You're probably wondering why the classes aren't simple named "rightimage" and "leftimage." This is because we are separating presentational information from the content. The reasoning if more easily understood if we look at naming of the site navigation area. What if that area was called "leftnav?" It might work for how you want your site to look, but what if in the future you decide that you want your navigation to be horizontal across your page? A couple changes to the CSS style and it's easy to change from a left nav to horizontal one, but then your HTML code will say "leftnav" even though isn't displayed on the left. It doesn't make sense.

Centering the image is slightly different than the other two methods though. For centering, you'll need to place a class="textimage3" on the IMG tag, which is what you'd expect, but you also have to place that same class on the P tag. Unlike the previous two methods, text is not meant to flow around centered images.

Centered image

<p class="textimage3"><img class="textimage3" src="..." alt="..." /></p>

One more note about images, you should not need to include any width or height dimensions on the IMG tag, unless you are resizing the image with HTML, which is generally NOT advisable.

Back to top links

Every web developer has had to deal with content issues. Either there isn't enough content, or there is way too much. In cases where there is way too much content (and for some reason it can't be split onto multiple pages), you'll want to use a 'back to top' link.

Back to top link code

<p class="backtotop"><a href="#top"><span>Back to top</span></a></p>

Back to top

You may be wondering why the span tag is in there. That would be used if you wanted to not have the text, and instead use an image such as an up arrow. For that case, you just use css to change the text-indent of the text in the span to a large negative value, and then use a background image of your arrow on the anchor tag within the backtotop class.

Side bar

There may be times when you want a sidebar on your site. Whether it is for news, announcements, or links to other relavant pages or sites, the sidebar can further direct people on your site to the info they are looking for. Implementing the sidebar is a snap as well. Here's how:

Side bar code

<div class="sidebar">

Item listings (with photos)

The item DIV was created to keep some consistency to the system in cases where one wants to describe a series of objects. In the example below, we've used the item div for a faculty/staff listing, but it could just as easily be used to describe anythign else. Say I had two talk about 4 different bowling balls, the facult photo would be replace by a bowling ball photo, and the itemtitle would be the name of that specific ball followed by a description abotu what makes it unique.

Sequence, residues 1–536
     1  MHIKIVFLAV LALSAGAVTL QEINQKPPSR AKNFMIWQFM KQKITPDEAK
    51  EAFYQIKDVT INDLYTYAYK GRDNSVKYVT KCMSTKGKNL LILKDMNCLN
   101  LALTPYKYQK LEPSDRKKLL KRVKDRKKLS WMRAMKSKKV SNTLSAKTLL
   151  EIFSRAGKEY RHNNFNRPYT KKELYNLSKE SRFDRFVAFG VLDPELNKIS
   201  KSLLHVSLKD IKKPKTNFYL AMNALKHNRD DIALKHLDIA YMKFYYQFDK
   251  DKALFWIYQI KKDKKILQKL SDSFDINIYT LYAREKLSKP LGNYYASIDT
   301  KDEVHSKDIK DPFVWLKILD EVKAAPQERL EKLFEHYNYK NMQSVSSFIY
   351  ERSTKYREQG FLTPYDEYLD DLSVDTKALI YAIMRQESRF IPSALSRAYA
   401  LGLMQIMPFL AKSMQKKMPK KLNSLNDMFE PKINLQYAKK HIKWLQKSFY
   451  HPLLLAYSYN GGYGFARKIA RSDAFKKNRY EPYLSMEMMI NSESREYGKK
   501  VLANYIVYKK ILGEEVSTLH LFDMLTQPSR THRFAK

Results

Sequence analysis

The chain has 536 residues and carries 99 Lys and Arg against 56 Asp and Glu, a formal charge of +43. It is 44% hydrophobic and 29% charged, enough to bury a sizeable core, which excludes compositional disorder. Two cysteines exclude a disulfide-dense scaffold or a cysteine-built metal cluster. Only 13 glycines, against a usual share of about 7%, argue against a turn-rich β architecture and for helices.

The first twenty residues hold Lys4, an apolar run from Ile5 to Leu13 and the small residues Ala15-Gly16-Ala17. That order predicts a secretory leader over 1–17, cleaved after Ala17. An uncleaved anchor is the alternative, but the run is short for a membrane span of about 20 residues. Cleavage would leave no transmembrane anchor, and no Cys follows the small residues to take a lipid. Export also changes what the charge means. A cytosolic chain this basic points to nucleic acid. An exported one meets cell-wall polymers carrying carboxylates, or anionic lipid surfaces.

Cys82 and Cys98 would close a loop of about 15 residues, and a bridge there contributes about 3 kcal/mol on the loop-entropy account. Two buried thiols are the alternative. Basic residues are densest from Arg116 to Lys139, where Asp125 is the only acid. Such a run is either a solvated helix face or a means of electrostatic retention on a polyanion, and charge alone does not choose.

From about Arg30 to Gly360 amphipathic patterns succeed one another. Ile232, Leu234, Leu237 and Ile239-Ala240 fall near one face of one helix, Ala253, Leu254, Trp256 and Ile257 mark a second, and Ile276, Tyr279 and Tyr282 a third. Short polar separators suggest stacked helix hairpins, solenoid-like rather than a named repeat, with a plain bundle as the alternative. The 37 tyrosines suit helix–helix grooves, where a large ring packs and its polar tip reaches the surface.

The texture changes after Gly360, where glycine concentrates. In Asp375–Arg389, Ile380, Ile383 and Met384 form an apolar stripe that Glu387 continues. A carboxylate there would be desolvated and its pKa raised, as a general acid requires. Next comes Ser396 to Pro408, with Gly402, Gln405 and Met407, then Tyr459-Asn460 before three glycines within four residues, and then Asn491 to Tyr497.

Item code

<div class="item">
	<img src="..." alt="..." />
	<p class="itemtitle">Title</p>

p.itemtitle for use inside div.item

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Real example: Brenda Monahan, Print Buyer

1169 Building 86
22 Lomb Memorial Drive
Rochester, NY 14623

phone: 585-475-4973
fax: 585-475-7783

Read more about Brenda on her bio page.

Two-columned layout

Unlike print, two-columned layouts don't work well on the web, especially if you've got many pages worth of content that you want to put on a single webpage. After scrolling all the way down your page as they read the first column, the user wouuld have to scroll back up to the top of your webpage to continue reading into the second column. That's poor usability. There are however some good uses for a two-columned layout in sections of a page. In particular, the item DIVs mentioned above look great in two columns.

Two-columned layout code

<div class="contentcolumn1">
<div class="contentcolumn2">
<div class="clearer">&nbsp;</div>

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generic P tag text long column make silly long text filler silly very very very long filler fill very fill silly very make make filler text filler text make silly text text long fill fill make text fill long text very silly long long filler filler fill silly long make column make silly long column long make.

Back to Top

The CSS Style